Managers and Engagement: The Fault Line or the First Line?
By Mike Ryan
There is an adage in business that "People don't quit companies—they quit managers." In today's economy, companies focused on capturing every ounce of discretionary effort should be examining that saying from a different point of view: "People don't work for companies—they work for their managers."
Notice the emphasis on "work" vs. "quit." The downstream ramifications of an engaged worker (who is committed to his/her role in the firm and to the firm), as compared to one who is not, are well documented. Numerous studies by firms like Gallup ("Q12 Meta-Analysis: The Relationship Between Engagement at Work and Organizational Outcomes," August 2009) and The Jackson Organization ("Recognition Pays," 2006) consistently report that highly engaged workforces outperform disengaged ones in all economic categories, including:
- Employee productivity
- Impact on customer value
- Overall revenue growth
- Return on working capital
The bottom line is just that: Engaged employees work harder and demonstrate far more ownership in outcomes.
For companies that rely on people as their primary source of competitive advantage, having innovative and customer-focused employees is the most crucial factor in winning and keeping business.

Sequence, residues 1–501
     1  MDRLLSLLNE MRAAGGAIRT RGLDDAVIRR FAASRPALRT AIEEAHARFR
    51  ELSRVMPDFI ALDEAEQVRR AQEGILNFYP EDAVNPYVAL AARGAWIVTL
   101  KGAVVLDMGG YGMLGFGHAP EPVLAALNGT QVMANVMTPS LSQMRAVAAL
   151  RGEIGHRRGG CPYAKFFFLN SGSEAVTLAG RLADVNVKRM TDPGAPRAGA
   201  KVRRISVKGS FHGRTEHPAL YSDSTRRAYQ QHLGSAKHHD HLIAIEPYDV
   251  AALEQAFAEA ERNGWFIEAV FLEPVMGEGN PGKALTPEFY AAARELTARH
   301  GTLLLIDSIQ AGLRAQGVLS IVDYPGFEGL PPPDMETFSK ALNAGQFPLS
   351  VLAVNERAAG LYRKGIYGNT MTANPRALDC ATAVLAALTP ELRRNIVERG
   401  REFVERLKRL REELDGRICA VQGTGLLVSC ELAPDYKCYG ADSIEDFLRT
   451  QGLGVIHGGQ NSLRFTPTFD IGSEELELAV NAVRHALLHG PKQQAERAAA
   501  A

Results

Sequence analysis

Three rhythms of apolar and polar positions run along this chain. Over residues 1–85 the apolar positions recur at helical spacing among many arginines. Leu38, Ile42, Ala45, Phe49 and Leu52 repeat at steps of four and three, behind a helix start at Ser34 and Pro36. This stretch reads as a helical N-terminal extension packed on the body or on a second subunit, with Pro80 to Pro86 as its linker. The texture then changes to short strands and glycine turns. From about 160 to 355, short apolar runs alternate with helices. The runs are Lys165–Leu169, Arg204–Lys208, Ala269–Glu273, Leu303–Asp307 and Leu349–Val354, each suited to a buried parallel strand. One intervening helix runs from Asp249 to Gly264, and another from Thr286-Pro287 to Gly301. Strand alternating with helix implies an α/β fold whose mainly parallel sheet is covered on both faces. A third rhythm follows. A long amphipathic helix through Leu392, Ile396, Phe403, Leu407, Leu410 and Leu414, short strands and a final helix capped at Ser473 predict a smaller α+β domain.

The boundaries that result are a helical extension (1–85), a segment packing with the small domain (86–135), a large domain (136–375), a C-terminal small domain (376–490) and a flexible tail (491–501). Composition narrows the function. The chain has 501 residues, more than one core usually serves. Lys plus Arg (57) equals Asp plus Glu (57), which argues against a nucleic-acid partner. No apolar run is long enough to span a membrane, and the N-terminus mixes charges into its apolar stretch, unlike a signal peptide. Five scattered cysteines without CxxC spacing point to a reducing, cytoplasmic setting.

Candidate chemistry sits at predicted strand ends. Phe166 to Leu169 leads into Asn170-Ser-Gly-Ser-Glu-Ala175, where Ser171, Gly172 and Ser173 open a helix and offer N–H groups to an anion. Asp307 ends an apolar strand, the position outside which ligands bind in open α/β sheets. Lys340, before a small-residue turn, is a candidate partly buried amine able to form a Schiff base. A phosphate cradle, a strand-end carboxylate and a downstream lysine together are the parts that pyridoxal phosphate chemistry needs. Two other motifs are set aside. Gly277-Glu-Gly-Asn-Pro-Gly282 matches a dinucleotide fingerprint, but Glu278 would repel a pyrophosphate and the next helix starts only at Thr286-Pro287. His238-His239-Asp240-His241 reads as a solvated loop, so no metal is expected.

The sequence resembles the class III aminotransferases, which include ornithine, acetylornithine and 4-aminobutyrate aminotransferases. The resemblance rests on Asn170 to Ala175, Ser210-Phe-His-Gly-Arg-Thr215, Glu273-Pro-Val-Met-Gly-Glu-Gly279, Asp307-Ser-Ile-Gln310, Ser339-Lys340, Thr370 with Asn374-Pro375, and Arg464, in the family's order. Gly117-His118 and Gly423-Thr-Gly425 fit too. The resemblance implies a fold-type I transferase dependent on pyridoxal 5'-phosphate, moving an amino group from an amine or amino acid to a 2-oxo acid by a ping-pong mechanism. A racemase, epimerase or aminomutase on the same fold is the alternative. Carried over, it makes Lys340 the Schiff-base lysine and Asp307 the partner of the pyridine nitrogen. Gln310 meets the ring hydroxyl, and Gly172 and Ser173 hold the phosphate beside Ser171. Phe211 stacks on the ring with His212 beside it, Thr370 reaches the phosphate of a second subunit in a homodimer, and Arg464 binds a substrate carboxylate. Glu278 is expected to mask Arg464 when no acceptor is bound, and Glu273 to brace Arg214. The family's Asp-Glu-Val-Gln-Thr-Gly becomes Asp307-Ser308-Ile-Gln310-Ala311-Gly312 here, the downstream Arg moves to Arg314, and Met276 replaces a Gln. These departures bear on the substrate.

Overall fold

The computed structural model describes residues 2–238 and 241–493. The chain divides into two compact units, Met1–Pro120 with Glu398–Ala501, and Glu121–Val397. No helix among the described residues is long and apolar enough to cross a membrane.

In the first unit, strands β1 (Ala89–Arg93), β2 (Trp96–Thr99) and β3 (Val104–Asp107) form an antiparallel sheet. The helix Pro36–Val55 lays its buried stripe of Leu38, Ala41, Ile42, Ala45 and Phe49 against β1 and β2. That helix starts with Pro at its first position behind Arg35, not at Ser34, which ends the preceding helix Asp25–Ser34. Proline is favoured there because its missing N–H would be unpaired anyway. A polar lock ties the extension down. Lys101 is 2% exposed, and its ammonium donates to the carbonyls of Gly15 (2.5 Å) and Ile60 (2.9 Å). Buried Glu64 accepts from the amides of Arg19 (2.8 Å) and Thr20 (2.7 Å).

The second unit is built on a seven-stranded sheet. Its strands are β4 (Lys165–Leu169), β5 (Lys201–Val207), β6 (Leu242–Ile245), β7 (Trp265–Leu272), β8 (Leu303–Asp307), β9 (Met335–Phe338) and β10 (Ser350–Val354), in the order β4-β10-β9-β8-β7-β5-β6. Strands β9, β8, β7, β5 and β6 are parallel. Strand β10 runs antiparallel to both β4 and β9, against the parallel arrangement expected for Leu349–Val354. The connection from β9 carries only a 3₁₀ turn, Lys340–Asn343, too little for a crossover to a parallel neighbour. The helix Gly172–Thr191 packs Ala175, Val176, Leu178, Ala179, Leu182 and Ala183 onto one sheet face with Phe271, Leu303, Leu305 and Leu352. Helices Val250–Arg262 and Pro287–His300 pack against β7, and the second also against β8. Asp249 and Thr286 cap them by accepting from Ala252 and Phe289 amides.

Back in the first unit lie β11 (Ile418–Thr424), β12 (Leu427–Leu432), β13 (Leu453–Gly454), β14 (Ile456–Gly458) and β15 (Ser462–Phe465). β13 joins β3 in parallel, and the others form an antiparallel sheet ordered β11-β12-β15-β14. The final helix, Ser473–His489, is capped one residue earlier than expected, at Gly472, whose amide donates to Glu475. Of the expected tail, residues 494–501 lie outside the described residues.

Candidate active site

Simply implementing programs designed to get employees more intellectually and emotionally committed to their jobs is not enough. Why? Many firms overlook the crucial role the front-line manager plays in driving employee engagement—and several surveys indicate they do so at their own risk.
Blessing White's State of Employee Engagement survey from April/May 2008, in particular, draws a sharp correlation between a manager's frequent interaction and an employee's attitude toward the job. Employees are two and a half times more likely to be engaged when they feel their manager understands what they do well, encourages them to use those skills as much as possible, and recognizes and rewards their achievements when they do.
When it comes to driving and sustaining higher engagement levels, the most admired companies hold managers accountable.
A 2008 survey by McKinsey concluded that line managers are not sufficiently committed to the development of their employees' capabilities or careers, and in that regard, they may be taking their cues from the top. That same study ("Making Talent a Strategic Priority," Guthridge, Komm and Lawson, The McKinsey Quarterly, January 2008) said that CEOs and senior leaders are not sufficiently involved in shaping talent management strategies and outcomes.
Additionally, a lack of supporting infrastructure can send a signal to managers that recognition is an afterthought and not strategically important to the firm.
Companies that streamline the mechanics of recognition (eligibility, issuance, approvals, tracking, etc.) not only make the process easy for managers; they tacitly communicate that the activity of recognition is important. This combination of executive support and day-to-day simplicity helps ignite the desired outcome.